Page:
CNO: ‘More Sporty Security Environment’ Will Affect Next Force-Structure Assessment
By RICHARD R. BURGESS, Senior Editor
ARLINGTON, Va. — The Navy’s top officer said that a forthcoming force structure assessment will reflect the guidance of the National Defense Strategy, the changing security environment and emerging technology.
“The security environment has only gotten more sporty, so we’ll take that into account,” said Adm. John M. Richardson, chief of naval operations, speaking Feb. 1 to reporters in the Pentagon, referring to the emergence of increased and sometimes aggressive naval activity in recent years by the Russian and Chinese naval and air forces.
Richardson also said that “technology is starting to come into play, so what counts as a naval platform is going to be an interesting discussion in this new force structure assessment. We want to make sure we are moving forward in a very evidence-based way, so that we’re not counting on something that hasn’t been relatively proven when it comes to the security of the nation, but we also want to make sure we’re moving fast.”
Increased agility in operations and more rapid development of technology are themes that Richardson has emphasized in recent public addresses.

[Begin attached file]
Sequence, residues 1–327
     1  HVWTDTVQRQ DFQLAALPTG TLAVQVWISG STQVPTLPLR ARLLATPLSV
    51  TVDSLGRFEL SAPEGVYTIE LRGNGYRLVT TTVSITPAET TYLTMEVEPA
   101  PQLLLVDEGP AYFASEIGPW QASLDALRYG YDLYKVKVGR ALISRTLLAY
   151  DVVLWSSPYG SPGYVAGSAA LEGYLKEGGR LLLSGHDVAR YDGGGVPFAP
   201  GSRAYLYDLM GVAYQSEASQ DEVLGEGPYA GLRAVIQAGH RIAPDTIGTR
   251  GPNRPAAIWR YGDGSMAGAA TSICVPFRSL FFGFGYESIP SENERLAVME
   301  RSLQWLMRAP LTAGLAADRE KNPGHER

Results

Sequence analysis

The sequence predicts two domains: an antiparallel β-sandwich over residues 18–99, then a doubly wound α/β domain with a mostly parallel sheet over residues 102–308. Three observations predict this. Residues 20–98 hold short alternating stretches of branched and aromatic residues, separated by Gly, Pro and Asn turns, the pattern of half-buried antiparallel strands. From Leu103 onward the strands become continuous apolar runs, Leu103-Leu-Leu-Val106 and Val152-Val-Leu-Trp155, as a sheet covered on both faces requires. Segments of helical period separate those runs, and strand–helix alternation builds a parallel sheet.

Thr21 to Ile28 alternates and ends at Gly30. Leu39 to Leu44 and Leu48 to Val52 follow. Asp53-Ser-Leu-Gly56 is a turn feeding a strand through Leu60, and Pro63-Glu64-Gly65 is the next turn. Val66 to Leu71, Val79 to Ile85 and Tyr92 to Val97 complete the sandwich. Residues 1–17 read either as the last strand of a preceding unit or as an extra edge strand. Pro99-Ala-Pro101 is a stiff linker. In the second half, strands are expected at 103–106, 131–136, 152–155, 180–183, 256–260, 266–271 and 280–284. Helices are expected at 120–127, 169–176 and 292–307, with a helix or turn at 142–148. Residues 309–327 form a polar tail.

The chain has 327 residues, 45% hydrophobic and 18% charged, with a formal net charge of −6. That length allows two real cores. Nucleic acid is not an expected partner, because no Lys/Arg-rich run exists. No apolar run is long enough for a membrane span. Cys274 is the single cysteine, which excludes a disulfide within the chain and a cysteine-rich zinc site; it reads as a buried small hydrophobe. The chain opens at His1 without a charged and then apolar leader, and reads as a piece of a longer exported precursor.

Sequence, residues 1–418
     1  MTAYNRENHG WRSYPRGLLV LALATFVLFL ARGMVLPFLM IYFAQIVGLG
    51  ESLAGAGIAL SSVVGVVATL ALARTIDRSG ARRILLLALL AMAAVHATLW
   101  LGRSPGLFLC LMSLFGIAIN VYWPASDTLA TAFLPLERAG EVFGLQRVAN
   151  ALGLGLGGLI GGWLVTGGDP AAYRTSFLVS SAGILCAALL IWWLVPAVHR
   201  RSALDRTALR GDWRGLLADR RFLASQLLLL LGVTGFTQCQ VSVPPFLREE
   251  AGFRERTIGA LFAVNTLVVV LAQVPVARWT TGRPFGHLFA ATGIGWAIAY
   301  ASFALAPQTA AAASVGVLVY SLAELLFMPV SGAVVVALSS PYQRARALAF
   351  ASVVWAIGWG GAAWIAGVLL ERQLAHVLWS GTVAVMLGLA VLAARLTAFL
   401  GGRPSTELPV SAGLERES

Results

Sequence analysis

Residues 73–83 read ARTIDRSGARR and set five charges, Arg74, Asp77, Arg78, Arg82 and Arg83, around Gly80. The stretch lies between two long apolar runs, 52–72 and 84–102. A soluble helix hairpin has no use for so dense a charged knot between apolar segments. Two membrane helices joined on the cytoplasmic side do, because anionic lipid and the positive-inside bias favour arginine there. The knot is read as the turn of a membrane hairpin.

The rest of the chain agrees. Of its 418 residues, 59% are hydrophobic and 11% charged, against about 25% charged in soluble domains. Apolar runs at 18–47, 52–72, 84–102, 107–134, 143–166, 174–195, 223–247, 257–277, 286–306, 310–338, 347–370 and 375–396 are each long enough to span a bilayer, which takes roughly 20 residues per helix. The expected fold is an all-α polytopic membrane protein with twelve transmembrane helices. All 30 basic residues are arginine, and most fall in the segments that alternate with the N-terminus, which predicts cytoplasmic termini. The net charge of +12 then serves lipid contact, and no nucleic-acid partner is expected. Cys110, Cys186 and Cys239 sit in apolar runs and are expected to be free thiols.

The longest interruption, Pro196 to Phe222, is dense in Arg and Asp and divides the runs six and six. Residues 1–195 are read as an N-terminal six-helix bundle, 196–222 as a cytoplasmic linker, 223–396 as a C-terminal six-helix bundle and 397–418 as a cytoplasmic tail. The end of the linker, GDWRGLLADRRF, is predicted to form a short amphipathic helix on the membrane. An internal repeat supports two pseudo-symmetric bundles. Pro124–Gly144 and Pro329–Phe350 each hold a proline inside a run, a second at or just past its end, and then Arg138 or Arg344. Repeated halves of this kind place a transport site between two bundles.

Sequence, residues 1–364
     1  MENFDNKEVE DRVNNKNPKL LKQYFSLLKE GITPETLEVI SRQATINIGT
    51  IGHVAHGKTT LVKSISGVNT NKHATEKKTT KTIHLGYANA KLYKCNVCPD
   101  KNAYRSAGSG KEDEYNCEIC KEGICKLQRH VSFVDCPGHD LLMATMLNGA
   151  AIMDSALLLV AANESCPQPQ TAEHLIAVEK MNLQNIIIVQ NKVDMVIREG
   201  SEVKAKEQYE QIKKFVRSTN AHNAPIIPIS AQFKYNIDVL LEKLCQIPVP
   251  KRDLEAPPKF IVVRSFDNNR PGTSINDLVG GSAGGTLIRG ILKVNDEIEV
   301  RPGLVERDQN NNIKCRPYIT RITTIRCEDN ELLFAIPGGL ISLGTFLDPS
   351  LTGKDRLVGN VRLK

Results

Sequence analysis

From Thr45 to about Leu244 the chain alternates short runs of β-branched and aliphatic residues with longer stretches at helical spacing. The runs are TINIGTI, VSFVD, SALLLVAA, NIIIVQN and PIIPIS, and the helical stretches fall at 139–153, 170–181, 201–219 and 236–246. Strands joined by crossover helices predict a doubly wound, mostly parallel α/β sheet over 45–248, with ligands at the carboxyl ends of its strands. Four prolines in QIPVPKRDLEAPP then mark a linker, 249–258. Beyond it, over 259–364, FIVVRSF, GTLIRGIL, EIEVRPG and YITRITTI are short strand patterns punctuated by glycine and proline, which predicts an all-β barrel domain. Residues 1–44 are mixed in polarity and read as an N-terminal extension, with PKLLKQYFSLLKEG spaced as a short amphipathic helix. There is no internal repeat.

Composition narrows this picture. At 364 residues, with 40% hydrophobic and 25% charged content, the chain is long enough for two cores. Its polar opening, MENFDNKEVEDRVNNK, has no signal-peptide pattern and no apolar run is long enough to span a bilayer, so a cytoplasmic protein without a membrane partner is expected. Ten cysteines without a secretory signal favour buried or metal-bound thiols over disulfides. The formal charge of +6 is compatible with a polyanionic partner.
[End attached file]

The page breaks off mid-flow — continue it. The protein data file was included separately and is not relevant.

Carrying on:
Although the CNO did not discuss further what counts as a naval platform, the issue is likely to come forth as the Navy develops large and medium unmanned surface vessels as part of its Future Surface Combatant fleet. Unmanned underwater vehicles such as the Orca and Snakehead may also blur the definition of a platform and hence what counts as a ship to be counted in the fleet.
“We’re on a path to grow the Navy,” he said. “The last force structure assessment was done about 18 months ago, put out this 355-ship number. There is structure within that 355, so sometimes people don’t recognize that. … That 355 number really came about by a number of studies that were conducted inside the Department [of the Navy] and outside the department. They consistently advocated for a stronger naval force, more naval power. The all converged into something in the mid-to-upper 300s in terms of numbers of platforms.”
The 355-ship Navy was codified by the Congress in the fiscal 2018 National Defense Authorization Act. The Navy determined its goal of 355 ships in a force structure assessment released in December 2016.
Richardson said the new force structure assessment report is due later this year.
“We’ll see where that goes,” he said. “We’ll get a new number. We may hold to it, we may not. The analysis is in process.”